In fielding England are distinctly superior. In pace bowling there is little between the teams, although Pakistan will have three practitioners to England’s four, while in batting Pakistan could argue that their stats equal England’s, with the qualification that most of their runs were made in Asia, The Telegraph said in a report on Monday.
It is in spin bowling that Pakistan is distinctly superior. In Yasir Shah the tourists have the world’s finest wrist-spinner. He has taken 76 wickets in his 12 Tests – a sensational rate which, if theoretically sustained, would give him more wickets per Test than any other bowler of the last hundred years.
Shah has never played a Test outside Asia before, and his first visit to Lord’s will be this week, but if he is a reserved man he is not insecure. He is a green-eyed Pakhtun, or Pathan as the name used to be, and his people – from Afghanistan originally – are not renowned for bowing the knee.
“I have two older brothers and one younger brother,” Shah said in English. “My father liked cricket but he didn’t play. Club cricket there (in Swabi) is very good – Junaid Khan (another of Pakistan’s left-arm pace bowlers, who has played 22 Tests) is from Swabi.”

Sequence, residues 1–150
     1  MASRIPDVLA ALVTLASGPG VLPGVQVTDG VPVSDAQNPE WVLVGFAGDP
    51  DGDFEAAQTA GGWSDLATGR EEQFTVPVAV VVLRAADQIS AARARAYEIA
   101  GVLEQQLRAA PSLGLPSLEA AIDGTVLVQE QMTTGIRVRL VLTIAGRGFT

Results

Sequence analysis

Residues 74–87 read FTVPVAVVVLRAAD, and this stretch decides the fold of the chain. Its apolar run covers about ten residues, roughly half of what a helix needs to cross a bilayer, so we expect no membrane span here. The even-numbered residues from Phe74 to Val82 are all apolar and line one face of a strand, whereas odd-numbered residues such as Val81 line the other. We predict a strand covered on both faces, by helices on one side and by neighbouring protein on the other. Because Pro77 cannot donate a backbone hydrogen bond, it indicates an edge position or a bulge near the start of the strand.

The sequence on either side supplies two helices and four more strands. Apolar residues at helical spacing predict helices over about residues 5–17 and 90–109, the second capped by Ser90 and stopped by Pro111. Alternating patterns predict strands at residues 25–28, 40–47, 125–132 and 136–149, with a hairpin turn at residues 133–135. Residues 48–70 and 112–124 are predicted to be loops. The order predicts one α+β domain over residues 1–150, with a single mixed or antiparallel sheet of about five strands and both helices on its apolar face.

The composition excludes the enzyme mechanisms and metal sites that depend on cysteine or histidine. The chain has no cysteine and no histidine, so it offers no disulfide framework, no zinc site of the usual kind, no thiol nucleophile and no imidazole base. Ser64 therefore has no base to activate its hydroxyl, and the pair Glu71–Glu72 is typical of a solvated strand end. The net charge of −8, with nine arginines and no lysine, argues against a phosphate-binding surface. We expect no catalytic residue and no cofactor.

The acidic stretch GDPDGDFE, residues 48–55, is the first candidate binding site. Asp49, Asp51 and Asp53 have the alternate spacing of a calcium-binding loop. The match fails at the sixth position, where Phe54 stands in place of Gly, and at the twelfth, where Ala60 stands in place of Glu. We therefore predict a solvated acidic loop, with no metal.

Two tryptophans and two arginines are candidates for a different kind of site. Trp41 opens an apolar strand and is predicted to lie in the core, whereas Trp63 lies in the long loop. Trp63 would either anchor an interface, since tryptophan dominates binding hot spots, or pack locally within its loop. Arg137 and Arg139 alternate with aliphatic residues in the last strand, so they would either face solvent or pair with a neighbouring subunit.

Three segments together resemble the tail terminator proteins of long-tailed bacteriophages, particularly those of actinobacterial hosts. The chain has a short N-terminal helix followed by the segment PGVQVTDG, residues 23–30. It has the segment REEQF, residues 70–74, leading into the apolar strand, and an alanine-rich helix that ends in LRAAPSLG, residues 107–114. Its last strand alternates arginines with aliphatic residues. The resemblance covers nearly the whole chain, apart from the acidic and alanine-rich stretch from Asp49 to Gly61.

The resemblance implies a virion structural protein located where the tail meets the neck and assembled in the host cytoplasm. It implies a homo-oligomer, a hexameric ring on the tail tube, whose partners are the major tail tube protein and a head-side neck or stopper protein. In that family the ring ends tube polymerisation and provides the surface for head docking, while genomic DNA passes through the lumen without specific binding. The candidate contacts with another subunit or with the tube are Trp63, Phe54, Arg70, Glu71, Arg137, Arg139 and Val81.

“I was 12 years old when I started cricket – school cricket – every school in Swabi one team,” Shah continued in English. “From school I got selected for Pakistan Under-15 trials.”
Through the interpreter Shah explains that his first mentor was a cousin, Amadullah Khan, a good cricketer before moving to Bradford: “He is the first person from Swabi playing department cricket,” Shah added in English. Playing for a department in Pakistan is like being picked for a franchise in the IPL or the Big Bash: it means you could make it big time, after being removed from the rut of routine domestic first-class cricket.